By Chuck Wilson
By Alan Scherstuhl
By Alan Scherstuhl
By Amy Nicholson
By Carolina Del Busto
By Stephanie Zacharek
By Michael Atkinson
By Calum Marsh
For those growing up in weatherbeaten West Texas, someone says early in Laura Dunn's The Unforeseen, "nature becomes God." A God that hands out abundance at times, to be sure, but also one who snatches away crops, farms, and livelihoods in a single wrathful whirlwind. To master one's plot of land is the cornerstone of the American dream—the merest taste of God's dominion. And yet that pride in possession is founded on the delusion that ownership equals control. Hold that deed up to a dam burst and see if the flood waters part.
The sanctity of private property versus the long-term health of the land—in Austin, the site of Dunn's extraordinary new documentary, the battle has taken on the trappings of holy war. An Alamo of blue-state liberalism besieged by the reddest of red-state doctrinaires, the Texas capital is literally an oasis: a river-fed island of green atop a precious fresh-water aquifer, surrounded by arid scrub. As the setting for a showdown between tree-huggers and flag-wavers—which happened when a sprawling 1990s development deal threatened the city's beloved Barton Springs—it's as metaphorically rich as the Wendell Berry poem that gives The Unforeseen its title.
True, The Unforeseen—a haunting meditation on hubris and the folly of claiming rights over something as elemental (and temperamental) as the environment—can be seen as part of a small but growing canon of ecological-alarm documentaries, a genre broad and urgent enough to encompass the PowerPoint apocalypse of An Inconvenient Truth, the countdown-to-Armageddon jeremiad of The 11th Hour, and the mountaintop-removal broadside of Black Diamonds. But the qualities that make The Unforeseen ineffective as a shrieking call to arms—among them a tone that's less hectoring than contemplative, and an unusual sympathy for the opposition—make it vastly more absorbing as a movie.
Austin, 1972: The cowboys and hippies are making peace, not war; short-haired, clean-shaven Willie Nelson is gearing up for conquest at Armadillo World Headquarters; the city looms as a green mecca, so much so that the late, blessedly tart-tongued Ann Richards jokes of wanting to fence off the city from outsiders. Outsiders like West Texas refugee Gary Bradley, a high-flying wheeler-dealer headquartered in a castle. "Austin looked perfect to me," Bradley says, then amends himself: ". . . in terms of a place to develop."
And so he did. Bradley struck pay dirt in the booming 1980s with the Circle C Ranch subdivision, 4,000 acres of prime Austin hill country. Its chief selling point, besides beauty, was water: The land was linked to the same porous limestone aquifer as the Barton Springs swimming hole, where generations of locals and kids (including executive producer Robert Redford) communed with nature. Water, Bradley tells the camera, in terms that Chinatown's Noah Cross might appreciate, "is a God thing. The rest I can handle."
Such a statement is a lightning rod hoisted to the heavens. In the poetic voiceover that opens the film, Wendell Berry bemoans "the deserted prospect of the modern mind/where nothing lived or happened that had not been foreseen." What had been foreseen, he intones with the force of prophecy, "was the coming of the Stranger with Money." Using archival footage and modern-day interviews, sometimes contrasted to poignant effect, Dunn lays out what neither Bradley nor his environmentalist foes could foresee: how the collapse of Texas's deregulated savings-and-loan industry under Reagan and Bush I would force Bradley into bed with new partner Freeport McMoRan, distinguished as "the No. 1 discharger of toxic chemicals in the U.S."; how a temporary victory by community activists, shepherded by Richards's vigilance, would be thwarted by her successor—Bush II—and a wily legislative lobbyist named Dick Brown, who didn't want to appear on camera. (In a stroke of genius, Dunn shows his disembodied hands affixing teensy little bombs to a model warplane.) Most damning of all, an underwater camera records the unforeseen impact of the ensuing developmental havoc on Barton Springs—crystal-clear in 1996, murky and opaque in 2004.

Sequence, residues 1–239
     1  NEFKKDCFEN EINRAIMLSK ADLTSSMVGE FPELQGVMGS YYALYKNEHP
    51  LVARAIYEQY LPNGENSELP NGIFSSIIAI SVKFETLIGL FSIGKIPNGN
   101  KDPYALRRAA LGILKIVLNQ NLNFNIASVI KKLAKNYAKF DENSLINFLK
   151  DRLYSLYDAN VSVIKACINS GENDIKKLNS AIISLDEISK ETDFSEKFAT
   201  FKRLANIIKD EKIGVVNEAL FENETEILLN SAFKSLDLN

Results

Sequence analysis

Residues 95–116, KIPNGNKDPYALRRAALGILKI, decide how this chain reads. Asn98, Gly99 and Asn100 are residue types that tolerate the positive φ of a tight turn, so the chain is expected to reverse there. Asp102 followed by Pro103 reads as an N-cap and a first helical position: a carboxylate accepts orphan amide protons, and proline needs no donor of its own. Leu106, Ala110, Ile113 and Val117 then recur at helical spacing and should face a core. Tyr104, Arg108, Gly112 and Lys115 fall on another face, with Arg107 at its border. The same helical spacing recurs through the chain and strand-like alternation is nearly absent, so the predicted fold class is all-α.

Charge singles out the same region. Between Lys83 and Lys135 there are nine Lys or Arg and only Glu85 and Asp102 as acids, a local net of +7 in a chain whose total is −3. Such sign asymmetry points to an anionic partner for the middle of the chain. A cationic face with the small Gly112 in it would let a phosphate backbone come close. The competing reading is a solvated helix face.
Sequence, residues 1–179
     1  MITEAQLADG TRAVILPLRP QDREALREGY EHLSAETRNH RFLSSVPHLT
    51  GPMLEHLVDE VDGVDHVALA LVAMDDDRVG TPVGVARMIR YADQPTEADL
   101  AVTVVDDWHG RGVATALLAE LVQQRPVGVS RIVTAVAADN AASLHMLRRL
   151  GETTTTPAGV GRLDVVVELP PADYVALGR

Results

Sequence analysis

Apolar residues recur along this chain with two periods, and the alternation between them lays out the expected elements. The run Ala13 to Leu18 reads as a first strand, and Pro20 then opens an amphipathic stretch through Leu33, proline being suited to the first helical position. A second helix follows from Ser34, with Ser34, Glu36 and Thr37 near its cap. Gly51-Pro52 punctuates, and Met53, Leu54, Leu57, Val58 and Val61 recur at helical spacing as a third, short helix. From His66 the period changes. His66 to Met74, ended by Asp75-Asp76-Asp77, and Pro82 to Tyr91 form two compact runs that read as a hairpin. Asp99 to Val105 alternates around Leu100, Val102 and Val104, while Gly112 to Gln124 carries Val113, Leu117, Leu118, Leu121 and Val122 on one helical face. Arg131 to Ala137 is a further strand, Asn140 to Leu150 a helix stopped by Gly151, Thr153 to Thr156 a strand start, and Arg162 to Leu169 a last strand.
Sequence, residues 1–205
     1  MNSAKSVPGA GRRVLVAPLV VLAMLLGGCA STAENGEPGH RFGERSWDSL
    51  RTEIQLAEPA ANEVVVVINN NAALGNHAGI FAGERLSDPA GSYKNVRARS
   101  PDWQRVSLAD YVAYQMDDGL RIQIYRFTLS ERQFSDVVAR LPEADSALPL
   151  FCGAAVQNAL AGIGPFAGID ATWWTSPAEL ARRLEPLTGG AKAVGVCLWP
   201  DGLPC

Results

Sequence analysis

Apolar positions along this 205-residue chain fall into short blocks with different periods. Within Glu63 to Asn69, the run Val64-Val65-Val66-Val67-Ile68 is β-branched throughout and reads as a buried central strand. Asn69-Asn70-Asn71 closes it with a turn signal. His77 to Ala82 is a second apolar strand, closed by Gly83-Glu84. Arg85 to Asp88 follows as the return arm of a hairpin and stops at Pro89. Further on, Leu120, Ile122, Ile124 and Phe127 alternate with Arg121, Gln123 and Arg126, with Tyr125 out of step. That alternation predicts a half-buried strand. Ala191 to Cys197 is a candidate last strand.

Making her first feature, Austin filmmaker Dunn no doubt included some unnecessary detours for star power's sake (like the inessential footage of Redford and Nelson). But it's ultimately the movie's glacial pace and willingness to let its mind and eye wander that produces its spiritual and intellectual heft—not to mention its atypical visual splendor. The idea for the film came from executive producer Terrence Malick, himself a longtime Austinite, and cinematographer Lee Daniel's texture-besotted HD/Super 16 imagery evokes the rapturous transcendentalist quality that surfaces in Malick's own films: the weight of rain on grass, the play of magic-hour light on a creek.
Through its transfixing glimpses of the natural world and an agrarian lifestyle at risk, The Unforeseen ponders nothing less than what happens when we turn our backs on the divine. The movie's resolution falls like a reckoning: Bradley, seen surveying the Austin skyline from his castle, plummets from public vilification to bankruptcy. In the end, his Xanadu is padlocked, and he resembles no one so much as There Will Be Blood's downfallen Daniel Plainview, his own milk shake sucked dry by some mysterious whim of fate.
Dunn takes no pleasure in his free fall—and there's little vindication any-way. "Barton Springs is a macrocosm of the world in which we now live," a radio commentator is heard to sigh, as the camera gazes upon unclear water. "Damn, damn, damn."
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